Assuming you can afford the cost and the associated risks, the key advantage of a direct sales approach lies in your ability to fully manage and determine your actions during the sales process. Since there is nobody else involved, you can keep the channel margin you otherwise would have to give to your partner. Furthermore, you maintain ownership of the customer relationship, rather than relinquishing it to or sharing it with a third party. This would create a dependency that you must be comfortable with. A direct setup will provide you with a faster learning curve about how your product is perceived by the market since feedback will be equally direct. Another significant advantage is that your product won’t have to compete for attention and focus with other products in a partner’s portfolio. This one can be huge.

Beyond the numbers.

In general, my strong advice is not to make big compromises regarding quality when hiring people. This is especially true when hiring customer-facing heads, like in sales. There is only one chance to make a good first impression and all business is between humans. If you pay peanuts, you are likely to get monkeys. There are people out there who can be motivated by more than money, so set the right triggers when you interview them. Good people will help you to build trust and to execute well.

If you pay peanuts, you are likely to get monkeys.

I still remember a call with the SVP of HR in the early days of our startup HRDigital. He represented a 5000+ people German tech company. Before we signed the contract, he wanted a call with me and one of my co-founders. The course of the conversation showed that he had a mental agenda that he was working through. The goal was clearly to find out whether he could trust us as a reliable supplier. Never forget that the people at the customer’s end of your sales funnel are placing their trust in you and will be held accountable for the internal acceptance and smooth operation of your solution. The company became a customer soon after our call and we managed to significantly extend our footprint over time. While this one went well, we had another instance where a household name company in the German retail market decided against us. The reason they gave us: your product would do the job, but you are too small as a supplier. After we buy it, you might disappear. On top we do not think that your resources are enough to adequately support us. Such is life in a startup. If this happens, consider it a natural part of your growth story, and avoid becoming frustrated. Remember, when the going gets tough, the tough get going!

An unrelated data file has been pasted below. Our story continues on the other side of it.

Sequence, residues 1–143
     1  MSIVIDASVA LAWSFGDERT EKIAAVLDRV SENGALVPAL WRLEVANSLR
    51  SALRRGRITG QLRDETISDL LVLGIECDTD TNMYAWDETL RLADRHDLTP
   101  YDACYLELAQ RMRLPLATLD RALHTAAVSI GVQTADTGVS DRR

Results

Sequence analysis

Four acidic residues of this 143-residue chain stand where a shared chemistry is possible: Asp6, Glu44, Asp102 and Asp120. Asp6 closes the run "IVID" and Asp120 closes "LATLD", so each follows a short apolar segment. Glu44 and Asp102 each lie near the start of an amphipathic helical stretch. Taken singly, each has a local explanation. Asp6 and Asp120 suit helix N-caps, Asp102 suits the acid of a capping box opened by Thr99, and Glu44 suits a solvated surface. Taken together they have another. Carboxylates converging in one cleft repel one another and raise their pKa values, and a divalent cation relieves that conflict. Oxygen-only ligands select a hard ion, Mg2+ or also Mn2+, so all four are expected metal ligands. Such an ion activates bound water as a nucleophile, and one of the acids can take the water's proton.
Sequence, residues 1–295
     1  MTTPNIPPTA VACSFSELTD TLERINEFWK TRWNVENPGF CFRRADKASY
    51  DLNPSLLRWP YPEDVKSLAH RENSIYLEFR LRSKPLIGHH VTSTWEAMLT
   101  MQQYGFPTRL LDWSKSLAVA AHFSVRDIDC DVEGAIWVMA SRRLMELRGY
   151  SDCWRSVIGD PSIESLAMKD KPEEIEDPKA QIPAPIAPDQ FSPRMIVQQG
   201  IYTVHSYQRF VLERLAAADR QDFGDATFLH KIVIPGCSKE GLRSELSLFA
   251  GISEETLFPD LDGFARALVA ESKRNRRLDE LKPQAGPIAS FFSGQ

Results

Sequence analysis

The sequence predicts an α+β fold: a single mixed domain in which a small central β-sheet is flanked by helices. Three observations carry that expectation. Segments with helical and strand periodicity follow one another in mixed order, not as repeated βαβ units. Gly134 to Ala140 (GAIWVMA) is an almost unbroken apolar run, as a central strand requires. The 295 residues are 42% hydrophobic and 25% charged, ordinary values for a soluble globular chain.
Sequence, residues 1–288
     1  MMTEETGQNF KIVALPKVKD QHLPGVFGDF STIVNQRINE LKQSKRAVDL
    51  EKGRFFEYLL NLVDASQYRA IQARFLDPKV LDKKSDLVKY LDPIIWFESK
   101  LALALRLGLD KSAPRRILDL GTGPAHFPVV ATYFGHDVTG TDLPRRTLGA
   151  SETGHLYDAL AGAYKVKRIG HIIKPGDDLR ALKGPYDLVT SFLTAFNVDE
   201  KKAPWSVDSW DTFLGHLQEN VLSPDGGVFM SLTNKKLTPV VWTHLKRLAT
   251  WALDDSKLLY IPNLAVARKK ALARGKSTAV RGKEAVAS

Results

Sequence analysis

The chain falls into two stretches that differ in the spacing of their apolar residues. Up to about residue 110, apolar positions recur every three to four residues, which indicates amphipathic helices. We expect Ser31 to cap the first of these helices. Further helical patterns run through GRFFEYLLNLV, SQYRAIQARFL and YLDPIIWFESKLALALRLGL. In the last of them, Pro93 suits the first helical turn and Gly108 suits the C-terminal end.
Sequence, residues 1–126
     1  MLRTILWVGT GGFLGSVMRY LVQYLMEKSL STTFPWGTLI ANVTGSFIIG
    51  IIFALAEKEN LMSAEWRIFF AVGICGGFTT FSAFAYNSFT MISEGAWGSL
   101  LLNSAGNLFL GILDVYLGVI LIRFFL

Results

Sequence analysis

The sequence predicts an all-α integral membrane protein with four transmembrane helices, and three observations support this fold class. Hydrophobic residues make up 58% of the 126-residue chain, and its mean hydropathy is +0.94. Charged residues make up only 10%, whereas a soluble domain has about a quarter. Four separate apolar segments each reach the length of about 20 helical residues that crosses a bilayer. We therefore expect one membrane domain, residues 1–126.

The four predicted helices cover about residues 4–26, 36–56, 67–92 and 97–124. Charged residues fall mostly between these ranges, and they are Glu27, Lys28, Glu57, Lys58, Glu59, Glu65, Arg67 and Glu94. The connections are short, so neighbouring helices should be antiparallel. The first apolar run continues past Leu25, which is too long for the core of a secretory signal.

These two examples hint at another factor you will have to consider when interacting with your prospects directly. Not all vertical industries are created equal when it comes to their willingness to engage with young companies. Much of that has become much better in recent years, and it might differ from country to country. However, it remains a factor you must consider. In the tech industry for instance – per my above example – you will be more likely to succeed than in a traditional large retailer who follows his beaten paths.



Next: In Part 2 of this article, I will delve into the intricacies of opting for an Indirect approach and the factors you must consider when making this decision.  I am happy to receive your comments on LinkedIn.